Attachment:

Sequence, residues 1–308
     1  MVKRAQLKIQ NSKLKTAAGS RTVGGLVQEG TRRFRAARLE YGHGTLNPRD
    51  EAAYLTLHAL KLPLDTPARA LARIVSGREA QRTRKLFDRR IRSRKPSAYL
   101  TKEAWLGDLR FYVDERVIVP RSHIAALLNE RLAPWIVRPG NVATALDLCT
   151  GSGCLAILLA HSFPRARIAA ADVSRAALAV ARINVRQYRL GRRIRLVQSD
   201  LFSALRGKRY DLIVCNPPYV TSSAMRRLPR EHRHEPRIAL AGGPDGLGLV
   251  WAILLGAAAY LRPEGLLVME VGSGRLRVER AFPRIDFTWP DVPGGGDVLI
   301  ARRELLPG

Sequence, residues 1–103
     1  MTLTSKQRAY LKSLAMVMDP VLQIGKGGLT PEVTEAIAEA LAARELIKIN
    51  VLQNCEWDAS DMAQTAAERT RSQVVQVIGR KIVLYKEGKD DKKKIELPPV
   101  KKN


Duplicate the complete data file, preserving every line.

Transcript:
Sequence, residues 1–308
     1  MVKRAQLKIQ NSKLKTAAGS RTVGGLVQEG TRRFRAARLE YGHGTLNPRD
    51  EAAYLTLHAL KLPLDTPARA LARIVSGREA QRTRKLFDRR IRSRKPSAYL
   101  TKEAWLGDLR FYVDERVIVP RSHIAALLNE RLAPWIVRPG NVATALDLCT
   151  GSGCLAILLA HSFPRARIAA ADVSRAALAV ARINVRQYRL GRRIRLVQSD
   201  LFSALRGKRY DLIVCNPPYV TSSAMRRLPR EHRHEPRIAL AGGPDGLGLV
   251  WAILLGAAAY LRPEGLLVME VGSGRLRVER AFPRIDFTWP DVPGGGDVLI
   301  ARRELLPG

Sequence, residues 1–103
     1  MTLTSKQRAY LKSLAMVMDP VLQIGKGGLT PEVTEAIAEA LAARELIKIN
    51  VLQNCEWDAS DMAQTAAERT RSQVVQVIGR KIVLYKEGKD DKKKIELPPV
   101  KKN